Empathy, Altruism & Agape:Perspectives on Love in Science and Religion
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October 1-3, 1999, University Park Hotel at MIT, Cambridge, Massachusetts
Path Home: Empathy, Altruism and Agape | Presenters or Itinerary

Robert Hamerton-Kelly is the Pastor of the Woodside Village Church (Congregational) in Woodside, California (1996 to the present). From 1986 to 1997, he was a Senior Research Scholar at the Center for International Security and Arms Control at Stanford University. He specialized in the ethics of nuclear weapons, and the ethics of military intervention, with special attention to ethnic conflicts in Central Europe. During this period, he travelled extensively in Central Europe, especially Hungary, Romania, Slovakia and the Czech Republic. He was chiefly interested in the psycho-social elements in ethnic conflict, categories like vengeance, resentment, envy and scapegoating, and the parts religion and quasi-religion play in these processes. In these researches he has been influenced by the thought of Rene Girard, with whom he has worked closely, as a colleague at Stanford, for the past twenty years.

His formal training was in biblical studies, especially the New Testament. From 1972 to 1986, he was Dean of the Chapel and minister of Memorial Church at Stanford, Consulting Professor of Religious Studies and, by courtesy, of Classics. He has written seven books and edited three. His most recent books are, Sacred Violence: Paul’s Hermeneutic of the Cross (Minneapolis: Fortress 1992) and The Gospel and The Sacred: The Poetics of Violence in Mark (Minneapolis: Fortress 1994). His most recent publication is “Ethnic Conflict and Historical Identity in South East Europe” in Visible Violence: Sichtbare und verschleierte Gewalt im Film eds., Larcher, Grabner, & Wessely (Munster: Lit 1998) pp. 25-40. Since retiring from Stanford in 1997, he has devoted himself to the study of the Greek Fathers of the church and to the writing of sermons and other explicitly Christian texts.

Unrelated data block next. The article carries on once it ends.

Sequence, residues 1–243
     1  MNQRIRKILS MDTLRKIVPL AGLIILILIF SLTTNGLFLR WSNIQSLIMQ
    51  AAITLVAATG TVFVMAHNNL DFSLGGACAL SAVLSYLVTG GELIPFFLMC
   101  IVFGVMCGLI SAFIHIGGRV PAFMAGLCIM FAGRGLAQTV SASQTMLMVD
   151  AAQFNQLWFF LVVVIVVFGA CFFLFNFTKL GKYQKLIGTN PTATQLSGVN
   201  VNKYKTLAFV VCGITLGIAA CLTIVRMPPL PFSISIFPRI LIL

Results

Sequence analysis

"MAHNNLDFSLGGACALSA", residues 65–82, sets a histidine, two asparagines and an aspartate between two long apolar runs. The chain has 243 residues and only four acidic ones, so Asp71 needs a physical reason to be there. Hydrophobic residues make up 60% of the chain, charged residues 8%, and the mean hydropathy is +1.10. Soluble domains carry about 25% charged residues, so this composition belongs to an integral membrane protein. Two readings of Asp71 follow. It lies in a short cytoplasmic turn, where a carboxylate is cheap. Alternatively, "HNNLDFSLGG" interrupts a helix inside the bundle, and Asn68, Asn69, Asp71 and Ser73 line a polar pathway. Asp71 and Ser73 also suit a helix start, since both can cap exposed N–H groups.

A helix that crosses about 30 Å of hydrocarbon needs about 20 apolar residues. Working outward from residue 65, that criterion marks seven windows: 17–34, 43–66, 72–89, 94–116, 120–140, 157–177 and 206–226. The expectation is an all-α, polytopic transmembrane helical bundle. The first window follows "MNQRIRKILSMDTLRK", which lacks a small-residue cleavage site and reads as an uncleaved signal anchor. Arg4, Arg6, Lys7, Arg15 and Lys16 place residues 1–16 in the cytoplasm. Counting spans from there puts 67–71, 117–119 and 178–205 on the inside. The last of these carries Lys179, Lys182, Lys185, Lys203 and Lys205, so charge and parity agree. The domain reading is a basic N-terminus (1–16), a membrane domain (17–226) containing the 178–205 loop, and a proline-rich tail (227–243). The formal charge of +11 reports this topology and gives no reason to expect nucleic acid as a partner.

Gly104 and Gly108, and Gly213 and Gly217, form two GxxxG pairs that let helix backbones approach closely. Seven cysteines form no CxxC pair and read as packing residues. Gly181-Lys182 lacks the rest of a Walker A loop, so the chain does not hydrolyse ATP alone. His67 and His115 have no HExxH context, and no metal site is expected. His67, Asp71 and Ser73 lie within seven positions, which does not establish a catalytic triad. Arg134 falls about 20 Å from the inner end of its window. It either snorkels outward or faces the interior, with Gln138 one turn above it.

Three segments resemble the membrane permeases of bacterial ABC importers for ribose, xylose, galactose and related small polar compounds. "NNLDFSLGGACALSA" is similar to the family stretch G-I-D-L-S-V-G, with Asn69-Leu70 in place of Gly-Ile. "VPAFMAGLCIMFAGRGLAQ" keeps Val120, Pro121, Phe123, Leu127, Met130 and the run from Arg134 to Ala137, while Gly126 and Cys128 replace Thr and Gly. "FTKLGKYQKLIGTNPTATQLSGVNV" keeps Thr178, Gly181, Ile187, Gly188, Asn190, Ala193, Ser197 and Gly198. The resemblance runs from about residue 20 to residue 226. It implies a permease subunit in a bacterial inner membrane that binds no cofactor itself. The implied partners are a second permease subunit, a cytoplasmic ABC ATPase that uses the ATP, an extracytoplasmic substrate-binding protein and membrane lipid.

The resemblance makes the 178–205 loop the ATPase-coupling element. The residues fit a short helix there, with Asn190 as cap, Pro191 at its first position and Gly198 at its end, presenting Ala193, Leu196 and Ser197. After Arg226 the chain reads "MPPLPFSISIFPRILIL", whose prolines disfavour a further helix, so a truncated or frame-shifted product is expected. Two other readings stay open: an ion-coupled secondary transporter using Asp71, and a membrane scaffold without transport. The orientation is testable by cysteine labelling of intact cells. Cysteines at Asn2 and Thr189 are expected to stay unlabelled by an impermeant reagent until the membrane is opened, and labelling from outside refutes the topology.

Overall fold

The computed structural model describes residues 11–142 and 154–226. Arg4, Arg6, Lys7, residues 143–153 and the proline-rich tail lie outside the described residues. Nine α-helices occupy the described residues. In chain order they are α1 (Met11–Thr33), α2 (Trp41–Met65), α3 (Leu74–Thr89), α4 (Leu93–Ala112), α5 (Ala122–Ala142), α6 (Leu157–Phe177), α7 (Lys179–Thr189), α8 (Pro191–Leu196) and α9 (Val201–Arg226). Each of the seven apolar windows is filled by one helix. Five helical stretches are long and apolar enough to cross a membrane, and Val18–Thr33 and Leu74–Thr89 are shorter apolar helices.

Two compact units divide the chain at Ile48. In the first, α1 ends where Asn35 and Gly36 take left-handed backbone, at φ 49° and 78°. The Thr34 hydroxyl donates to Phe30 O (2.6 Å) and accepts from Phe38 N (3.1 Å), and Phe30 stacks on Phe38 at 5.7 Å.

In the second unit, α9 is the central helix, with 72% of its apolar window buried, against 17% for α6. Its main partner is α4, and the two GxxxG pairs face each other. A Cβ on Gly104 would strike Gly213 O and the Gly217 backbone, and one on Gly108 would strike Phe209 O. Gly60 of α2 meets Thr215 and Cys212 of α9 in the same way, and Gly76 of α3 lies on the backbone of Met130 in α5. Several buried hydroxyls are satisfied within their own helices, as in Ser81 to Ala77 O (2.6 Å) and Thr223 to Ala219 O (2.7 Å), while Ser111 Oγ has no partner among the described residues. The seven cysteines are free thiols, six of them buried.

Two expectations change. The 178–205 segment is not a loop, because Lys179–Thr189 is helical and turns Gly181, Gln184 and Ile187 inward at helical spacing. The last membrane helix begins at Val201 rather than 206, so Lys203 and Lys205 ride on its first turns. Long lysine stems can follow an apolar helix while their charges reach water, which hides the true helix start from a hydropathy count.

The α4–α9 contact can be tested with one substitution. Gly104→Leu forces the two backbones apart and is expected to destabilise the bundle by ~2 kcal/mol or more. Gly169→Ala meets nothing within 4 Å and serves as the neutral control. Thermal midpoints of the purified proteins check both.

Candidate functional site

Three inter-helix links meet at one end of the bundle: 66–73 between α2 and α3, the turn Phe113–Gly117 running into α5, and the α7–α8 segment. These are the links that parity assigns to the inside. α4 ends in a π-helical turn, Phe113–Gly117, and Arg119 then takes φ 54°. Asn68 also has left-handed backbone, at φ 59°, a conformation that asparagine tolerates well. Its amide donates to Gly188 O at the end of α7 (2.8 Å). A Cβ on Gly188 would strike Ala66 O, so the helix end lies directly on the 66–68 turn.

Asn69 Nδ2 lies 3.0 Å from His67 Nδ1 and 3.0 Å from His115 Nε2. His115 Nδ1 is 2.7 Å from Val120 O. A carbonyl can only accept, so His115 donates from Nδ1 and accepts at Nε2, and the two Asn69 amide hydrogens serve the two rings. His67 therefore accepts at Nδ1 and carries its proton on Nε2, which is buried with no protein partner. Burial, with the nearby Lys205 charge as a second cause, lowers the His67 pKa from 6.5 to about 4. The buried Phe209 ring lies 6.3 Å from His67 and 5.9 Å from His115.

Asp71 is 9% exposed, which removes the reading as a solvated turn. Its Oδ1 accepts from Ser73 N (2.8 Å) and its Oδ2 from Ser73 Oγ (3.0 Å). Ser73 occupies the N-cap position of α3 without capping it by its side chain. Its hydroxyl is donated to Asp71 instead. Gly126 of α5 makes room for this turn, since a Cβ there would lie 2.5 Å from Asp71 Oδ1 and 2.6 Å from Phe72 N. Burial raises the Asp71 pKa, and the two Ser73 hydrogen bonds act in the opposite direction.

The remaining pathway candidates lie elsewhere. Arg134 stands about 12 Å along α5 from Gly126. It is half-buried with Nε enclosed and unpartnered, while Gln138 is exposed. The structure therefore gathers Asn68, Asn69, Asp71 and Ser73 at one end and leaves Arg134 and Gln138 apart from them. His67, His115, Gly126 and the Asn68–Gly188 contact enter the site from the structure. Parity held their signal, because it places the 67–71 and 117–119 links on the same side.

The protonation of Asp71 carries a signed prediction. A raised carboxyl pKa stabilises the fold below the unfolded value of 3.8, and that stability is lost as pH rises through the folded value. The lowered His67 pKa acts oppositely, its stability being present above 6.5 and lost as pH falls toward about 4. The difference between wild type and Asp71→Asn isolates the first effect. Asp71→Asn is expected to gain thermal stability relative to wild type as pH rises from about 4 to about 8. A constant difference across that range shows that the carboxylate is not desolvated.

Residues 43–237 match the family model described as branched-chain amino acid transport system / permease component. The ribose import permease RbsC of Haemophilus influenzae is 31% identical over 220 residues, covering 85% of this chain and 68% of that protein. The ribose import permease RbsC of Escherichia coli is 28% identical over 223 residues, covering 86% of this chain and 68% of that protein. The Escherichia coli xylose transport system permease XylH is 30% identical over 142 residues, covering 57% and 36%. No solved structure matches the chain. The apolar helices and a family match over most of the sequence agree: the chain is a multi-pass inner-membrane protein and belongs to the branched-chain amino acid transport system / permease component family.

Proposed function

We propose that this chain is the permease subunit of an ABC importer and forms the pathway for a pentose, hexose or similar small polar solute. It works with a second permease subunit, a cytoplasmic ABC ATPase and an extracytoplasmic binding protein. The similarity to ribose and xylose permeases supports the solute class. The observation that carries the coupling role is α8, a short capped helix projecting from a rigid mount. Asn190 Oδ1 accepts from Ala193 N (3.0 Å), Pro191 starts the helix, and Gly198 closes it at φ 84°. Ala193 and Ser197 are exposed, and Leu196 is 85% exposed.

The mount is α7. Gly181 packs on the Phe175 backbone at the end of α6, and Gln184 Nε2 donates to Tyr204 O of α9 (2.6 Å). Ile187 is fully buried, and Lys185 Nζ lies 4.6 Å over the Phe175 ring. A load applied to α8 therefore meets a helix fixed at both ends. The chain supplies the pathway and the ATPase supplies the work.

He is a founding member of the Colloquium on Violence and Religion, an international colloquium which has met biannually for the last eight years in the US and Europe.

The Emergence of the Idea of Radical Love in the Biblical Traditions

On a recent safari in the Okavango Delta of Botswana my wife and I saw what we interpret as an expression of cross-species maternal concern, between a waterbuck doe and a hippopotamus cow. This causes me to ask why I interpret that display of animal behavior as a disclosure of love in the pre-human stage of the phylogenetic system.

To make such an interpretation I use a principle of interpretation that I have received from the Christian revelation, which is in turn dependent on the Bible and its traditions. Methodologically I am doing what anyone who desires to understand must do, bringing to the specific situation a principle of classification derived from outside the situation, in this case, from the body of Christian theology that the believer accepts as revealed. My interpretation of the waterbuck episode is a form of faith seeking understanding, of an assumption seeking to interpret events so as to make sense to me. The assumption I bring to the situation is that there is such a thing as radical love and that it is the fundamental reality of the world of existing things.

The biblical tradition gave the world the word agape in the sense of radical love. I take the story of the binding of Isaac, (The Akedah) in Genesis 22 as a starting point for considering the biblical traditions. It is a foundational text for Judaism, Christianity and Islam; Abraham is a pivotal figure for all three religions, usually seen as an exemplar of faith. In the story God requires him to sacrifice his only son, Isaac, and stays the knife only at Isaacıs throat.